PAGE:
SAN FRANCISCO -- Tim Lincecum struggled through an awful August, tinkered with his mechanics and, for the first time in his baseball career, dealt with adversity this season.
Although it took longer than Lincecum and the Giants would have liked, the 26-year-old starter regained his Cy Young Award-caliber stuff and now is ready to lead the Giants in their first postseason in seven years.
Lincecum (16-10, 3.43 ERA) will take the mound Thursday against the Braves in Game 1 of the National League Division Series, a playoff rookie facing postseason veteran Derek Lowe (16-12, 4.00), who will start for the Braves.
Game time is 6:30 p.m. PT, live on TBS.
"Obviously, it's a great opportunity for us, and it's been awhile for the Giants organization, and first for myself, first for a lot of these guys," Lincecum said Wednesday at AT&T Park before the Giants held a workout. "We're going to try to take it all in. Obviously, not try to be too wide-eyed about it, and try to stick to our game and try and treat it just like any other game."
Although Lincecum has yet to pitch in the postseason, he is no stranger to the bright lights that come with the national stage. In 2009, he was chosen to start the All-Star Game in St. Louis, but his pitching line -- two runs (one earned) in two innings -- wasn't what was expected from one of the game's top young arms.
2010: 1 GS, 1-0, 1.50 ERA
Career: 8 GS, 5-1, 1.98 ERA
2010: 17 GS, 9-7, 3.69 ERA Career: 62 GS, 30-15, 3.06 ERA
Against this opponent
2010: 2 GS, 2-0, 2.38 ERA
Career: 17 GS, 7-5, 3.02 ERA
2010: 2 GS, 1-1, 3.38 ERA Career: 8 GS, 6-2, 2.89 ERA
Loves to face: Jose Guillen (3-for-20, 7 Ks) Hates to face: Aubrey Huff (10-for-40, 2 HRs, 10 RBIs)
Loves to face: Rick Ankiel (2-for-12, 3 Ks)
Hates to face: Brian McCann (8-for-22, 3 doubles, 1 HR)
Why he'll win: 5-0, 1.17 ERA in Sept.
Why he'll win: 52 Sept. strikeouts
Pitcher beware: 9 HR allowed in postseason
Pitcher beware: First postseason start
Bottom line: Savvy veteran
Bottom line: He's back on track
After his All-Star experience, which included giving up a single to the leadoff hitter and hitting the next batter, Lincecum admitted he felt a bit of nerves in the Midsummer Classic. On Wednesday, the eve of his biggest game to date, Lincecum said he was better for the experience.
"Definitely," Lincecum said. "I don't think it can hurt me, obviously, but going through that kind of amped atmosphere, a lot of fans, a lot of people there to see you do your thing, same kind of scenario here. So it will help me a little bit. Just try to keep myself in check and just try to keep my heart rate down."
While Bay Area fans and Lincecum himself spent August constantly wondering what had happened to the two-time NL Cy Young Award winner, there was a widespread perception among opposing managers that Lincecum would simply snap out of his funk.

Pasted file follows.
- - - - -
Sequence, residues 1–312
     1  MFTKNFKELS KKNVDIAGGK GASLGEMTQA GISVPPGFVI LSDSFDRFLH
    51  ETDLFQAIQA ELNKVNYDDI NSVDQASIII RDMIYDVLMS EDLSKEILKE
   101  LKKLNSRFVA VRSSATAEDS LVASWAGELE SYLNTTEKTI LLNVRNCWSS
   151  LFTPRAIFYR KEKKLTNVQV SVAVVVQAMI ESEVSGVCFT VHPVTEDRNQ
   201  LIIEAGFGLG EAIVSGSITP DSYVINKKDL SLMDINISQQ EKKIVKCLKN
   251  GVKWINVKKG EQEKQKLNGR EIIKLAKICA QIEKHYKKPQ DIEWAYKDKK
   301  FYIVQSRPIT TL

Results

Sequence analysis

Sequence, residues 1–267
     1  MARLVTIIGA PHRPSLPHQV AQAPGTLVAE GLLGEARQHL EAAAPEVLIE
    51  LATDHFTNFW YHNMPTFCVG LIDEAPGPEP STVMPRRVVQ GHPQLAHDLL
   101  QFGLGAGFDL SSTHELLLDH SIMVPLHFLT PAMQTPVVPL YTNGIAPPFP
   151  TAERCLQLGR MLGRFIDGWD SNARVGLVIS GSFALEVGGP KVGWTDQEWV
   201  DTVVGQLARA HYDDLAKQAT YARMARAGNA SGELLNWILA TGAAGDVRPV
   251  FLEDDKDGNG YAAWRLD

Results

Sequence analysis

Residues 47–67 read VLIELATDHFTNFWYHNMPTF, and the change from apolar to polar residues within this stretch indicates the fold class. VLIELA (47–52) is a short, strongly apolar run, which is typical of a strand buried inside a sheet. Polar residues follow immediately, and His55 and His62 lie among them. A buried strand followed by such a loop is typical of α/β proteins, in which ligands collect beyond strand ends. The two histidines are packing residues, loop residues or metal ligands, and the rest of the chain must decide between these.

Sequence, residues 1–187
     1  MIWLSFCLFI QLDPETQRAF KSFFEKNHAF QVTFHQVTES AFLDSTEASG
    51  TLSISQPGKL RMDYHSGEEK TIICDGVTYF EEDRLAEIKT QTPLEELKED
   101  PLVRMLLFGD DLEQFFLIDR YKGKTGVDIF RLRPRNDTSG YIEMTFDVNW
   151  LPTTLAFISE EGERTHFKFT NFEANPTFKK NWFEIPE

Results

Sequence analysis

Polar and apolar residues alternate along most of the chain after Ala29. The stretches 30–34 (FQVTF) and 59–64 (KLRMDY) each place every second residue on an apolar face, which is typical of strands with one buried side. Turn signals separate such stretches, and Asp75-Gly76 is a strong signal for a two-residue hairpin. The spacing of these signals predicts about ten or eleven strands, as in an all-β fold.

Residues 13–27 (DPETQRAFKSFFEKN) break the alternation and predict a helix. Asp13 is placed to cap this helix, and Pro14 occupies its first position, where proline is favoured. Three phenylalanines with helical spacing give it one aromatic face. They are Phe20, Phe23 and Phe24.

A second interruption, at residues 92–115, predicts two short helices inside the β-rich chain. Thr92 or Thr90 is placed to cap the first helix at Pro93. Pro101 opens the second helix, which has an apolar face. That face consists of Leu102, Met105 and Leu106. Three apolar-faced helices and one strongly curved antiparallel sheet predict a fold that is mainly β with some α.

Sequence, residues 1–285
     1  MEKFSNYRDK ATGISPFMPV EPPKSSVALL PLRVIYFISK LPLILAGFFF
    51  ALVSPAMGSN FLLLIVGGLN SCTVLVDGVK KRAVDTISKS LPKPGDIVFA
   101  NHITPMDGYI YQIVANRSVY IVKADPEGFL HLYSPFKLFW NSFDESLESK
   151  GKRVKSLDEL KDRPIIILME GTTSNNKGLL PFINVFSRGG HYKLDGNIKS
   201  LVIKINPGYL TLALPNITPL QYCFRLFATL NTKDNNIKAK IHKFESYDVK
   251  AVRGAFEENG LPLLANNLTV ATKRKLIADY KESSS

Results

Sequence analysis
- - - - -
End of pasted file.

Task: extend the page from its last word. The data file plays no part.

After an August in which he posted an ERA of 7.82, Lincecum did just that, going 5-1 with a 1.94 ERA in September. Because of Lincecum's history and recent turnaround, as well as his career numbers against Atlanta (6-2, 2.89 in eight starts), Braves manager Bobby Cox is well aware of how tough a challenge Lincecum will be for his lineup.
"He's got as good of pitches as you ever want to see with a pitcher," Cox said. "Most of the time he has great location and he's a great competitor. ... He's won back-to-back Cy Youngs. And he's the pitcher that everybody thinks [he] is. I can't say enough about the guy. And if he makes mistakes like any pitcher, we have to hit him."
For all of Lincecum's changes this past season, one thing has remained the same: his ability to cause hitters to swing and miss.
Despite posting the highest ERA of his career, Lincecum once again lead the National League in strikeouts, the third consecutive time he's done so. And while Lincecum certainly isn't the quintessential power pitcher, he is the ace of a superb staff that will need continued dominance in hopes of the Giants advancing.
"It's all about pitching," Giants center fielder Aaron Rowand said. "Whichever team pitches and plays defense typically comes out on top in the postseason."
On Thursday night, Lincecum will try to start the Giants off right as they begin the quest for their first World Series title in San Francisco history. He's accomplished a lot in his three full seasons in the Majors, but, like with so many of his fellow Giants starters, there is a lack of experience on his resume.
All Lincecum will rely on is what he knows, and that's the last time he was pitching under the bright lights of the All-Star Game. Then, he was nervous. On Thursday, he's hoping to channel that experience and remain calm.
"Everybody knows what's at stake, important games, and we've never had to deal with that into September before," Lincecum said. "Dealing with [the All-Star Game] should help."
Cash Kruth is an associate reporter for MLB.com. This story was not subject to the approval of Major League Baseball or its clubs.